Risk Management Responsibilities

Risk Policies

Day-to-Day Risk Management

Risk Management Oversight

Risk Definition & Methodology

Risk Limits & Compliance

Information Systems

Centralized Hybrid De-Centralized

Primary responsibility for risk management resides in a centralized risk management function headed by a CRO.

Risk policies and strict guidelines are set by the central unit and are cascaded throughout the enterprise.

The central risk function works in association with risk management committees and reports to a senior executive of the entity.

Risk management oversight is performed by risk management committees in association with the centralized unit and report to senior executive of the firm.

The central risk function establishes uniform risk measurement definitions and procedures. It mandates the use of consistent methodologies across business units and risk types.

The central risk function sets risk appetite, tolerances, and limits and monitors compliance.

A centralized risk management information system is deployed across all business units.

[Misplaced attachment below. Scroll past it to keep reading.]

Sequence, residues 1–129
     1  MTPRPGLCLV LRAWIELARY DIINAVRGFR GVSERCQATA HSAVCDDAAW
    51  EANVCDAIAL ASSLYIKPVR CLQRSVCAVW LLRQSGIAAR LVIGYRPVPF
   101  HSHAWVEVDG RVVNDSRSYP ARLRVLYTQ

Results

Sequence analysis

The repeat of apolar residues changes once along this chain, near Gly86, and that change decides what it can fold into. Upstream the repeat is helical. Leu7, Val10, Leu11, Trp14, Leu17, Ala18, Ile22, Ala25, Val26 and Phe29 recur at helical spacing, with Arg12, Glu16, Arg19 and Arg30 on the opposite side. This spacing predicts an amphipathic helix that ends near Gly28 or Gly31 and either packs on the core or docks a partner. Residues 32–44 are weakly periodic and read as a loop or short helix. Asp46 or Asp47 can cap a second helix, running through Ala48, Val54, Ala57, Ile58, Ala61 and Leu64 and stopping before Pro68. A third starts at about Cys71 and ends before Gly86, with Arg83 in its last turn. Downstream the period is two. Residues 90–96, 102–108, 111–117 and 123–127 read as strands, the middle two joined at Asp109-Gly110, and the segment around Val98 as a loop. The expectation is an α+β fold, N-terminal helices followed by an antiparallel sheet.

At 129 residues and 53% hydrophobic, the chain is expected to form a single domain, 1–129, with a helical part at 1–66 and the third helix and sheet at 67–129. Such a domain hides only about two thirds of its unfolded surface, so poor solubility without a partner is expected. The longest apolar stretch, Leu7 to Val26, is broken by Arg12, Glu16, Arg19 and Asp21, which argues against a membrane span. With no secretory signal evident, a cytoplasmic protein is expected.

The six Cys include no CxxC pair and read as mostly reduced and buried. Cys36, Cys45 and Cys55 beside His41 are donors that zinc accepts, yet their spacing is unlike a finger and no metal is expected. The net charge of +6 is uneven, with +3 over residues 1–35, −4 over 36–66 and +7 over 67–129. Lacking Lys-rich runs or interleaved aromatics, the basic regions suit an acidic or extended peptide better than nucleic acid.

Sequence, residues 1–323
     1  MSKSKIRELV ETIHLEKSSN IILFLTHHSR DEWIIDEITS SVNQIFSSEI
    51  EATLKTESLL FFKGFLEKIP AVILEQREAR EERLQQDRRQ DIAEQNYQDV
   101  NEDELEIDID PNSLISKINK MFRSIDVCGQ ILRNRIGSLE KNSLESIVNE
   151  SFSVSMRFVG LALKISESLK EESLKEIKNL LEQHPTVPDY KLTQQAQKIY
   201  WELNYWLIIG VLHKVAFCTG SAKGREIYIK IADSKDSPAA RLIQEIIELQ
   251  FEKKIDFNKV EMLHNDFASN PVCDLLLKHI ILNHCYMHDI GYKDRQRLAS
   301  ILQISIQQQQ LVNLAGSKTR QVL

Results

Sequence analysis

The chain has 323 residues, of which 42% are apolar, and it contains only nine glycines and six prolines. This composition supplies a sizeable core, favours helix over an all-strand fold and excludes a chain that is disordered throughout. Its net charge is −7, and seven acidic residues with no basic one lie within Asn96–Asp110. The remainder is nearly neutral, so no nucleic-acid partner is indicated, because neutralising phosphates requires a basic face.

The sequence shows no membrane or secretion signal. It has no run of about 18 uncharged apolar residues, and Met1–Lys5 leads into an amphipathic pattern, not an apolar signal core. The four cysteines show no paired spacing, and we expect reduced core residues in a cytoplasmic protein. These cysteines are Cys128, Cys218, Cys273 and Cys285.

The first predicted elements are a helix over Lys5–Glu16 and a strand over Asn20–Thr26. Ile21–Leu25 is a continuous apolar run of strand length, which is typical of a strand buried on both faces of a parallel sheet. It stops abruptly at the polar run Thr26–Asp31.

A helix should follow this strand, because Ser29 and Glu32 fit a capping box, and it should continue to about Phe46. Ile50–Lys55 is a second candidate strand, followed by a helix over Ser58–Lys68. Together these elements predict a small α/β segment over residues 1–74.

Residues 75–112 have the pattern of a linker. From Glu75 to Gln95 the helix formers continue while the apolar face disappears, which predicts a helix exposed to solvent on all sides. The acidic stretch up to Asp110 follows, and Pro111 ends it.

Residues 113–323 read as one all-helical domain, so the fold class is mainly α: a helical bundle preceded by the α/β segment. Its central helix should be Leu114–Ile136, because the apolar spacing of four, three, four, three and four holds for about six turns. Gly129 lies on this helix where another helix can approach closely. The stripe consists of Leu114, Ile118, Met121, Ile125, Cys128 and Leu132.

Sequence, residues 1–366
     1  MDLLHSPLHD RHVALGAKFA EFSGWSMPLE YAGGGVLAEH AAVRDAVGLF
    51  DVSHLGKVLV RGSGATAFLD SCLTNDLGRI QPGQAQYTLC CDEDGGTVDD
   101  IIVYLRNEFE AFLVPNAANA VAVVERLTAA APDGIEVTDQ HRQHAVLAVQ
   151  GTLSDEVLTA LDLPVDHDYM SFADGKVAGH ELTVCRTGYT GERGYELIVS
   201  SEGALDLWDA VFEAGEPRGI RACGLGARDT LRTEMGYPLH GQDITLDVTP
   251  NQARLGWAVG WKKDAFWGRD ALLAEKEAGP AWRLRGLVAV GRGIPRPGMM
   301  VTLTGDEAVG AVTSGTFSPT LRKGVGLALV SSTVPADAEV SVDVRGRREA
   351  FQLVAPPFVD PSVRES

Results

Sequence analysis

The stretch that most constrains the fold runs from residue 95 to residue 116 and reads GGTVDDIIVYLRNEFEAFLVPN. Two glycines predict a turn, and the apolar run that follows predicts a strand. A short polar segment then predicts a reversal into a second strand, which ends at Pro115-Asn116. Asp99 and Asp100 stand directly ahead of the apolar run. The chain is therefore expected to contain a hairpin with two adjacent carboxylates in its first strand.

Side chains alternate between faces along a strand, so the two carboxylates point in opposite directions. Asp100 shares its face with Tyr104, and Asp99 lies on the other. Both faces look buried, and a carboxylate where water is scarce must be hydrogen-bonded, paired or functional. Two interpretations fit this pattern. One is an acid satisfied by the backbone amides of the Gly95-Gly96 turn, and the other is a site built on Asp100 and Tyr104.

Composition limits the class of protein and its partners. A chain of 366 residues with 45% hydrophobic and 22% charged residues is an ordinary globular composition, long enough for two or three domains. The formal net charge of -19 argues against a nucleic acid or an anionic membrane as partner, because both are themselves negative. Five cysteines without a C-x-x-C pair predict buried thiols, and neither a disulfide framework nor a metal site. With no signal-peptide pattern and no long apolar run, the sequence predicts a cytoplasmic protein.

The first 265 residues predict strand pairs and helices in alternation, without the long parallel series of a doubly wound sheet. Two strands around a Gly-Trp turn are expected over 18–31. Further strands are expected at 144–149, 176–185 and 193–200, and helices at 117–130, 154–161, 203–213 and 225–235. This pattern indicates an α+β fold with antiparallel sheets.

Responsibility for risk management is shared by corporate and business unit risk management functions, each within defined spans of control.

A corporate risk policy is set by the central unit with supporting risk policies set by the operating units.

Operating units perform day-to-day risk management activities, subject to general policies set by central risk management unit as well as routine monitoring by that function.

Risk management oversight of corporate-level key risks is performed by senior management or a group-level committee. Business unit risk management committees monitor business unit key risks.

Business units adopt risk measurement definitions and risk methodology from guidelines in the corporate risk policy set by the central unit.

A group-level committee sets the parameters within which the business units operate. Business unit risk committees and management define risk tolerances and limits within the overall corporate risk appetite and oversee compliance.